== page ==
I do not see how embattled retailer Sears Holdings Corp (NASDAQ:SHLD) survives this one. I’ll get into details in a moment, but the long and short is that Sears management is pulling planks from the foundation and burning them to keep the house warm. Asset and real estate sales — raising cash to pay down debt — is all well and good. But the problem for SHLD stock goes much deeper.
Sears is destined for bankruptcy because brick-and-mortar retail is dying a death of a thousand cuts.
Look at Circuit City. Look at J C Penney Company Inc (NYSE:JCP). Look at declining sales at Macy’s, Inc (NYSE:M) and Target Corporation (NYSE:TGT). Consumer retail stocks are in trouble, and that includes SHLD stock.
The reasons are two-fold, but only one is fixable.
The fixable part is a lousy recovery, still slogging along after eight long years. Perhaps the new administration’s policies will jump-start things again.
The second problem is not fixable. It’s called Amazon.com, Inc. (NASDAQ:AMZN).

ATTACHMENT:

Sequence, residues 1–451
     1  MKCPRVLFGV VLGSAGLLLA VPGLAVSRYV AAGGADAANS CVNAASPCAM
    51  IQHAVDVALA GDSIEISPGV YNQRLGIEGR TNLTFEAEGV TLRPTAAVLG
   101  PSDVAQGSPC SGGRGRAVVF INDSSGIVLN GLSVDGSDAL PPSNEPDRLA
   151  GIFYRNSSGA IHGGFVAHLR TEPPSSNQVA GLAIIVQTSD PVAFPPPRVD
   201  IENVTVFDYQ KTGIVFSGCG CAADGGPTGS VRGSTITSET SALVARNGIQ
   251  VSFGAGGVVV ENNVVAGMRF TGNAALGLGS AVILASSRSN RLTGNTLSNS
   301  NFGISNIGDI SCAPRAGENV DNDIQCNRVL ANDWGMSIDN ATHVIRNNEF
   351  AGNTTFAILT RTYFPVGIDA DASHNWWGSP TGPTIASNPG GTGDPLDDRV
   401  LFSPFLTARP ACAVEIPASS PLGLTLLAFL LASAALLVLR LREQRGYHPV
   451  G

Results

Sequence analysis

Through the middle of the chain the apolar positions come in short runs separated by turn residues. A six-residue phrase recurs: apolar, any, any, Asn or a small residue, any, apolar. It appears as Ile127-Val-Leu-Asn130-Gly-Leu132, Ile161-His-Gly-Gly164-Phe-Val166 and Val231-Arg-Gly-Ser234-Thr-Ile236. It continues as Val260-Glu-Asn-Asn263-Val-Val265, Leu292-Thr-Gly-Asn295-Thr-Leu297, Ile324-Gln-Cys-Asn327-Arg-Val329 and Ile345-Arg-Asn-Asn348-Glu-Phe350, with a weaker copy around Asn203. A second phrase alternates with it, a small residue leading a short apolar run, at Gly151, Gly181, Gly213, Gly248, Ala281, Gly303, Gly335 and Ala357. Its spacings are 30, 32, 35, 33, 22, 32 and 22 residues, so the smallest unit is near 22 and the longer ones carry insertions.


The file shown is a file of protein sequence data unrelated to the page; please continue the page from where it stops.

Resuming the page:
Amazon Has Killed the Need to Go Out
There’s a simple and terrible fact when it comes to department stores like Sears. That fact is that department stores, by and large, sell low-margin commodities. Think about it. Walk through a SHLD store and tell me what you find there that is specialized retail.
There isn’t anything.
Consumers are learning that rather than spend time, buying gasoline, waiting in line at the register, paying state tax, and wandering all over the store to find what you want, you can cut to the chase by going to Amazon. It sells everything. You can find what you want in no time, read reviews, order and have it shipped to you.
For the cost of a Prime membership, it’ll even show up in two days at no extra cost.
Other than clothing, which some people want to try on, there is simply no reason to go to a store any longer. Sears could have sold its Craftsman business ages ago, because there are hardware superstores that sell all that gear cheaply as well.
And there’s ruinous news coming out of the retail sector.
Moody’s says one out of every seven retail companies in its retail and apparel portfolio is a distressed issuer — the largest since the Great Depression. Of these retailers, about $1.2 billion of debt is due by the end of next year.